They put cold cloths on the head and covered the body in layers of blankets. Soon, there would be a series of poultices, gum camphor, turpentine, and fresh onions, for the base of the neck and even the stomach. Tamarack tea was offered in sips, as was homemade chicken soup. Sponge baths were given daily. A dark room with a cool temperature was deemed critical. No need for a doctor. No money for one, either. In fact, for a person with a severe aversion to doctors, that could make things worse. And, no, this is not a description of my life as a sick child. This is a paraphrased excerpt from my favorite book of all time, the YA classic “Where the Lilies Bloom.” This is how sisters Mary Call and Devola try to nurse their father, Roy Luther, back to health after a stroke. Their attempts do seem to work for a bit, though Roy eventually succumbs to his bad health. Seriously, if you haven’t read this book since the 3rd grade, like me, I urge you to reread. The husband- and-wife co-authors, Vera & Bill Cleaver, do a hauntingly masterful job of showcasing a poor, rural family who make their way in life based on hard work and respect for their mountain land. It holds up well. But, this is more about my mother and how she mothered me when illness struck. Momma and Mary Call were a lot alike. And, my mother’s idea of healing was a complete contradiction to my father’s love of penicillin.
“He did things like his Dad (100 percent God), and He did things like we do (since he’s 100 percent man),” says Candice, 10. I’m impressed, Candice! You have succeeded where others have failed.
Contracts provide protection for all parties signing on the dotted lines. According to LegalMatch.com, a contract is an agreement between two parties that creates a mutual legal obligation. Oral contracts are possible, but written contracts are preferred for a number of reasons.
Art Linkletter once asked the above question of a boy on his television show. He received a oneword reply: “Duck!”
Genealogy fascinates much of the general public. The number of people learning more about their families and heritage through genealogy increases year to year. According to Family-Tree.com, genealogy is the second only to gardening as the most popular hobby in the United States.
In the mid 20s and early 30s, peak baby years for my paternal grandparents, tragedy struck often. There was no miscarriage support for women who lost pregnancies. People were quick to wonder, or boldly state, whether a woman had done something wrong, medically or spiritually, to cause such a tragedy. Child loss was common. In 1927, the year my father was born, there was a typhoid epidemic, outbreaks of meningitis, and rampant measles and smallpox cases. Babies were born at home with zero imagining assistance to predict positioning or potential problems, as that would not be discovered for another 60 years. Heck, I had all three of my children without benefit of an ultrasound. But I did have prenatal care, something that the wives of farmers found nonexistent or severely lacking. 1928 changed many things for children. Penicillin was discovered and the world rejoiced. My father was obsessed with penicillin. Thinking back on his family’s incredible luck, my grandmother never had a miscarriage, nor did she lose any children, I can see how that medical discovery and good fortune became one in his mind. Conversely, my mother’s parents lost their infant daughter to pneumonia in the late 30s. There weren’t enough doctor visits or medical protocols in this world to save her. My maternal grandfather developed a distrust in medical providers. I can understand his view, too. Sometimes you can do everything right and still lose your child. I say all of this because I have been sick this week, something that does not happen often. Sure, there was that whole cancer thing. I have worked hard to shore up my immunity, eat as low on the food chain as one can, and stay active. It has helped thwart both a cancer recurrence and the common cold. But, it failed me this week. I was just sitting here and thinking how differently my parents would react to childhood illness and what advice I could now expect from them if they were available for consult.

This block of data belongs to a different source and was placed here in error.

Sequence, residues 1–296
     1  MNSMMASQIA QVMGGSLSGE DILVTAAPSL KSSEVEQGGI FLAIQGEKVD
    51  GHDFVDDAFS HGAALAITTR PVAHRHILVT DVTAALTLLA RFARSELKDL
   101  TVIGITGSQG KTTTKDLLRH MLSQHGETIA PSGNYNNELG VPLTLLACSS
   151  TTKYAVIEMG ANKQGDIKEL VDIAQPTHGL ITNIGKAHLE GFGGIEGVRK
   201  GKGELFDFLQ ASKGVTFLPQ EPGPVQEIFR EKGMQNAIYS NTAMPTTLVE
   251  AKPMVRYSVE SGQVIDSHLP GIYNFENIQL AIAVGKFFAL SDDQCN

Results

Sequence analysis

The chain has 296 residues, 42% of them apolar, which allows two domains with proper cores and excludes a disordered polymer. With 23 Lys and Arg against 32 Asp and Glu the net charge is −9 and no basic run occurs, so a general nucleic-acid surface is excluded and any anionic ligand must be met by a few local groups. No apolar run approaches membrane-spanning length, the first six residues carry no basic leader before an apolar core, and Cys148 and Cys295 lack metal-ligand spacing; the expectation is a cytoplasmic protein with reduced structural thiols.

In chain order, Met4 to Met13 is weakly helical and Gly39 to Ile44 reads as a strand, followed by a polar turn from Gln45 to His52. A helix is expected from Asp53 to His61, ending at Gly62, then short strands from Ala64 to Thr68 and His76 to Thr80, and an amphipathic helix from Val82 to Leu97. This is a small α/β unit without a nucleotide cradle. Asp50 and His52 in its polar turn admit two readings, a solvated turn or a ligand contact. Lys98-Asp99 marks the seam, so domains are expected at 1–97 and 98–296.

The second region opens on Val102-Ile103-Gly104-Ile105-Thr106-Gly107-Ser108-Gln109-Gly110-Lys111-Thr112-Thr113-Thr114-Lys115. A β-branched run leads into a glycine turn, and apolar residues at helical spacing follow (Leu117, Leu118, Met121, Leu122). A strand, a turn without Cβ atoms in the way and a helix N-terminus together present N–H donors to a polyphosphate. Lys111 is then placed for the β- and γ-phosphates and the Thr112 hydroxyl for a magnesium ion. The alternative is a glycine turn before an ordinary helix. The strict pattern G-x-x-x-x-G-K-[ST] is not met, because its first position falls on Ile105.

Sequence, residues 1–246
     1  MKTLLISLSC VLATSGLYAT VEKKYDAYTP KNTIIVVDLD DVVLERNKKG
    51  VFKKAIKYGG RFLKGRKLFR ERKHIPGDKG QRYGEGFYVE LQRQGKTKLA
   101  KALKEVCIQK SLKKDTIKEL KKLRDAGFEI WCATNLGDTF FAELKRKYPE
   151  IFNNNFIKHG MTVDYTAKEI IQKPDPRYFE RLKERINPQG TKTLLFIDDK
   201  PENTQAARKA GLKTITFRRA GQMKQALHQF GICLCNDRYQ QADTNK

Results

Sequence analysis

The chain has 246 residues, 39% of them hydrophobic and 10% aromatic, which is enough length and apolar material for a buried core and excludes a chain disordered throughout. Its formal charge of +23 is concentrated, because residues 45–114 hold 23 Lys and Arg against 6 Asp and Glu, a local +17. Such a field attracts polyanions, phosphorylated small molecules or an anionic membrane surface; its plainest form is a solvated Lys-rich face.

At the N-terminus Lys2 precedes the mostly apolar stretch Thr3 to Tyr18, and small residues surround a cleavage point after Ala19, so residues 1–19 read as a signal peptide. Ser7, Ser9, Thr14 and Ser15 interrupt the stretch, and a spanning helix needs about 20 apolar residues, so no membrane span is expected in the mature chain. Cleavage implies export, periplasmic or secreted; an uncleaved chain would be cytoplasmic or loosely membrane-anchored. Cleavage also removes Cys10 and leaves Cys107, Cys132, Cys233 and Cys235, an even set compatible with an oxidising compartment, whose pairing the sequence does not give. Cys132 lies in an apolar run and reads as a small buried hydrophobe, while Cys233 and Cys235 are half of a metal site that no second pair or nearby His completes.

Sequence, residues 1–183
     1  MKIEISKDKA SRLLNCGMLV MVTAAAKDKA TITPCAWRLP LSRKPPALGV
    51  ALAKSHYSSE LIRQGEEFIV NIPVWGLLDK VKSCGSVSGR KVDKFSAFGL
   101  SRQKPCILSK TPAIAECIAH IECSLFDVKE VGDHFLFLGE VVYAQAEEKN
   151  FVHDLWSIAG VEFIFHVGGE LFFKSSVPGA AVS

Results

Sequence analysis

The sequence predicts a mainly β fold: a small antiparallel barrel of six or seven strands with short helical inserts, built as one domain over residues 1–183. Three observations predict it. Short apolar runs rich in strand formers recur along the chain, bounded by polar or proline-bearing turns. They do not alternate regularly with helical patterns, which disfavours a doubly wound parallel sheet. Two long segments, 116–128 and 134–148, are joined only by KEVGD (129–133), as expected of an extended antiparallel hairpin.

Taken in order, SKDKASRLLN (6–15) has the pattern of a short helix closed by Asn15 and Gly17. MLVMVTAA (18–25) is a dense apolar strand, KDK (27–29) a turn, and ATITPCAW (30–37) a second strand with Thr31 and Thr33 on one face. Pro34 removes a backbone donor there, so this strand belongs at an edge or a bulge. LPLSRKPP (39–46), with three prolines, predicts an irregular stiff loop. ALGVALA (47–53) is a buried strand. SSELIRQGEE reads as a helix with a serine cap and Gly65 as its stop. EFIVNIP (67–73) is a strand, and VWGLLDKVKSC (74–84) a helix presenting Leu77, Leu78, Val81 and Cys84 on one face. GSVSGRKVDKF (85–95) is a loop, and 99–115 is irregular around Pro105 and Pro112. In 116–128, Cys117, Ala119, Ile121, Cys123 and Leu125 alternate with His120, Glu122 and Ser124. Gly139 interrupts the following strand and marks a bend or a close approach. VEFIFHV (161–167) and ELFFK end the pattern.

A nursing shortage in the United States is expected to intensify in the coming years as the aging population grows and the need for health care increases as well. Projections from the U.S. Bureau of Labor Statistics suggest there will be more than 203,000 openings for registered nurses each year between 2021 and 2031. And it’s not just a shortage of RNs that the health care industry will be forced to confront. The BLS’ Occupation Outlook Handbook also projects a growing demand for advanced practice registered nurses (APRNs), with estimates suggesting as many as 30,200 APRN openings each year between now and 2031. Qualifications to become an APRN typically include completion of a master’s or even doctoral program, while RNs typically must complete a fouryear bachelor’s or two-year associate’s program.
Want to make a fresh start and invest in your health? You may be unsure what changes will have the biggest impact. Doctors say that the easy, tangible actions you take are some of the most important.